The Isolationist manager takes their job as a “crap umbrella” to a dysfunctional extreme. They try to limit interactions between their team members and other people in the organization. They take their responsibility toward their team very seriously, and their isolation is a misguided attempt to make them more productive.
Behavior in meetings: The Isolationist isn’t so much identified by behavior in meetings, as much as by the influence they have on organizing meetings. They do their utmost to prevent their team members from attending meetings with external teams. This makes them a huge bottleneck.
Impact on team: The Isolationist may have some team members who are very happy to be isolated, some who chafe at their lack of interaction with other teams, and some who are indifferent. The major impact to the team, however, is not lowered morale.
Teams need exposure. Seniority comes with experience, and if a team member’s only point of contact to the world is their manager, they aren’t going to get the experience of working with many people. That makes them poorly positioned to work in any other environment. They also need exposure so that their colleagues know, challenge, and respect them. Without contact with a larger team, they won’t feel like part of a larger team.
Impact on product: Increased risk of failure! Isolated workers are always going to be missing major parts of the story, so they won’t get why what they’re doing matters. These circumstances vastly increase the risk that requirements will not be correctly understood. If, for example, you don’t understand the concerns of your colleagues on the business side, you can’t help catch a mistaken assumption.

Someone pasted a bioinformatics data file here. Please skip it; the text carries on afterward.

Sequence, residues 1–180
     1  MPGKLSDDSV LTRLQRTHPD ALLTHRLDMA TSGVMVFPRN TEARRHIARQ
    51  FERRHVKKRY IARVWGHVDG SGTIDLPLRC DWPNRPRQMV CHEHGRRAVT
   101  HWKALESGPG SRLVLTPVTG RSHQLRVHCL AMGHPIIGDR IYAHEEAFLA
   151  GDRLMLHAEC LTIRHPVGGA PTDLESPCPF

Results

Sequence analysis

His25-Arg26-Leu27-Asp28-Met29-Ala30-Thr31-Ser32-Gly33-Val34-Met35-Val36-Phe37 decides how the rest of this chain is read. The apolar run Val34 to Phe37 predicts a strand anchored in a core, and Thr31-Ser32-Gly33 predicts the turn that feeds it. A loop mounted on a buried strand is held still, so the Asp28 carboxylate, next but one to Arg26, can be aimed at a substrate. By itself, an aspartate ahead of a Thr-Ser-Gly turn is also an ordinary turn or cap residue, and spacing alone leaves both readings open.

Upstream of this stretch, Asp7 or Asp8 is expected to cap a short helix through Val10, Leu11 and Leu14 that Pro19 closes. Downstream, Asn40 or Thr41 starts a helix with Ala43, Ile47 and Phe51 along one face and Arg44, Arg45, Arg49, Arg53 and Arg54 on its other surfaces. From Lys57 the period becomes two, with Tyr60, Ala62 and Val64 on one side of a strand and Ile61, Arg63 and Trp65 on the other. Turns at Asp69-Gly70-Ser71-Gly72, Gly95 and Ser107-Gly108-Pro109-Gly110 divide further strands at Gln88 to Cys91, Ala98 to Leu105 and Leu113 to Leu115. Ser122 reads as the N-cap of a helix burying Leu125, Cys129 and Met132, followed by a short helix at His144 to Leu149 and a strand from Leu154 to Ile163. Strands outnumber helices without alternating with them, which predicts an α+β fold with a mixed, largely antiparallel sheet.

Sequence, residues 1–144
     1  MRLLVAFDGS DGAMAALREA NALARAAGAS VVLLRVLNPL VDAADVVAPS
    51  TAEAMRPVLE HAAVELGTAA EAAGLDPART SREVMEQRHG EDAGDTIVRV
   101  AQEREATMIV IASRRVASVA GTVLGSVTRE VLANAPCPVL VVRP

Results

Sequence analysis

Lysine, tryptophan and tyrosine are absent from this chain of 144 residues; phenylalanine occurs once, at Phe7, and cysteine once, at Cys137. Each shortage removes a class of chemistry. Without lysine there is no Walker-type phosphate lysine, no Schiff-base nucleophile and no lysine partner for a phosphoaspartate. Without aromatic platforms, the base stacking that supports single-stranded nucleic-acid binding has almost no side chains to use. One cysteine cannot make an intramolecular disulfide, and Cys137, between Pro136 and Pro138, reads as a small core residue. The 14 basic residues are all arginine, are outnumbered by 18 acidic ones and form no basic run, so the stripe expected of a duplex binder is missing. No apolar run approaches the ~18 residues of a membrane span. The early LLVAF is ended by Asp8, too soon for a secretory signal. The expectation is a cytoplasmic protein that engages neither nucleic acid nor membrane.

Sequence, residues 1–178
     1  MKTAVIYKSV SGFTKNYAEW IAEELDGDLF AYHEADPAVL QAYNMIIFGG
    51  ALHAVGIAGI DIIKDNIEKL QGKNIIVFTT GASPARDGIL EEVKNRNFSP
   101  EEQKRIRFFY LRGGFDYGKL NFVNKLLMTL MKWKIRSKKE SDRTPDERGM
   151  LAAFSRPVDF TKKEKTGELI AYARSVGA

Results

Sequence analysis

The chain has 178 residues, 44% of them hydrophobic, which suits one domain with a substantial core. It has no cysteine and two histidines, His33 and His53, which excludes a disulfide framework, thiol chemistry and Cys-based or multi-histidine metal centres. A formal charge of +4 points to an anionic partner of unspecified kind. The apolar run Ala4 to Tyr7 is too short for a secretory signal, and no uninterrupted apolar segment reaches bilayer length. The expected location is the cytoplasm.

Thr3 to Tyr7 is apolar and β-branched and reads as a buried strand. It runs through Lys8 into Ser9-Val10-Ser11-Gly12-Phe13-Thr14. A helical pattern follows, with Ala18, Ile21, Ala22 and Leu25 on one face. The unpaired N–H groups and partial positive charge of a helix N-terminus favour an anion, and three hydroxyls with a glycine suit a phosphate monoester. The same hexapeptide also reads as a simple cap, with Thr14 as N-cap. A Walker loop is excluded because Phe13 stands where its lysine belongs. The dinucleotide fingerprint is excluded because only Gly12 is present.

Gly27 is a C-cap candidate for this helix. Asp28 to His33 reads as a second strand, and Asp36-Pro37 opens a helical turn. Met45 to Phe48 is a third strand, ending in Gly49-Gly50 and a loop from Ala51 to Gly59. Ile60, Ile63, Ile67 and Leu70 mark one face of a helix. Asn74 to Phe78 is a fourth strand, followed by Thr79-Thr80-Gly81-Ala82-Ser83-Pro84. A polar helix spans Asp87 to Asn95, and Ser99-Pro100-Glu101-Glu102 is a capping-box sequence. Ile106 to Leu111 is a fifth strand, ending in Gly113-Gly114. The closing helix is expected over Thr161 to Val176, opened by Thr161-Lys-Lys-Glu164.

Trait gone wrong: Protectiveness, primarily. Isolationism is most often motivated by a sincere desire to help their team. This can be exacerbated by their skepticism of the capabilities of other teams, which, unsurprisingly, may derive from their having been managed by an Isolationist themselves. As well, they might be overconfident, if they think can handle the throughput of syncing their team members with everything they need to know from the meetings they don’t get to.
Debugging: The Isolationist is motivated by concern for their team, so debugging requires refocusing that concern on their team members long-term effectiveness and career development.
Usually an Isolationist has learned the behavior from a poor example, and it’s important to present them with specific examples of ways that problems that cropped up could have been prevented had their team members been more involved in cross-team communication.
One exercise for de-isolating is to select a single team member, and a single project they are involved in, and send them to one carefully chosen meeting (maybe a recurring one) that they could contribute to, or benefit from. Bring an engineer who wrote the code on a project to the next brainstorming meeting for that product.
*Not to be mistaken for: The Politician.